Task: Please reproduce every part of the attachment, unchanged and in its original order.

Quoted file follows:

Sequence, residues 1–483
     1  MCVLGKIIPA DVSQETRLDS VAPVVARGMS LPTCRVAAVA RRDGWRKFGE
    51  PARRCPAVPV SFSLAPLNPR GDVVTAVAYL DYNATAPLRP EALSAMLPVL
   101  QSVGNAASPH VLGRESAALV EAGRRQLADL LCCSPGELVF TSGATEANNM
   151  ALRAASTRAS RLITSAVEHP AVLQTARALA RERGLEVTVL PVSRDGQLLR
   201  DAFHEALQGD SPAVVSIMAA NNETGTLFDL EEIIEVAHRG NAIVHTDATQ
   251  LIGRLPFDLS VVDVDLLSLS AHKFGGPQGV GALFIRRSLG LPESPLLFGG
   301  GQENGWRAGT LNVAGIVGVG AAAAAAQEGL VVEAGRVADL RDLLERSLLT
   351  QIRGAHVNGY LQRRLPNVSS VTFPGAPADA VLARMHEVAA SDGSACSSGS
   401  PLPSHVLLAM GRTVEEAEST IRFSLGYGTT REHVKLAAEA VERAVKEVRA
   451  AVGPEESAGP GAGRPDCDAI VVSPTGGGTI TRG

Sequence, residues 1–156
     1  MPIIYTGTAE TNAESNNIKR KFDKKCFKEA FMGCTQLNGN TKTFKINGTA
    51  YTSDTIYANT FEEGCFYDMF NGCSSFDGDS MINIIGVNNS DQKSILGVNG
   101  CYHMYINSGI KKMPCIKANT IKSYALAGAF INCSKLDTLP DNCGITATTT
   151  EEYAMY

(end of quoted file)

Sequence, residues 1–483
     1  MCVLGKIIPA DVSQETRLDS VAPVVARGMS LPTCRVAAVA RRDGWRKFGE
    51  PARRCPAVPV SFSLAPLNPR GDVVTAVAYL DYNATAPLRP EALSAMLPVL
   101  QSVGNAASPH VLGRESAALV EAGRRQLADL LCCSPGELVF TSGATEANNM
   151  ALRAASTRAS RLITSAVEHP AVLQTARALA RERGLEVTVL PVSRDGQLLR
   201  DAFHEALQGD SPAVVSIMAA NNETGTLFDL EEIIEVAHRG NAIVHTDATQ
   251  LIGRLPFDLS VVDVDLLSLS AHKFGGPQGV GALFIRRSLG LPESPLLFGG
   301  GQENGWRAGT LNVAGIVGVG AAAAAAQEGL VVEAGRVADL RDLLERSLLT
   351  QIRGAHVNGY LQRRLPNVSS VTFPGAPADA VLARMHEVAA SDGSACSSGS
   401  PLPSHVLLAM GRTVEEAEST IRFSLGYGTT REHVKLAAEA VERAVKEVRA
   451  AVGPEESAGP GAGRPDCDAI VVSPTGGGTI TRG

Sequence, residues 1–156
     1  MPIIYTGTAE TNAESNNIKR KFDKKCFKEA FMGCTQLNGN TKTFKINGTA
    51  YTSDTIYANT FEEGCFYDMF NGCSSFDGDS MINIIGVNNS DQKSILGVNG
   101  CYHMYINSGI KKMPCIKANT IKSYALAGAF INCSKLDTLP DNCGITATTT
   151  EEYAMY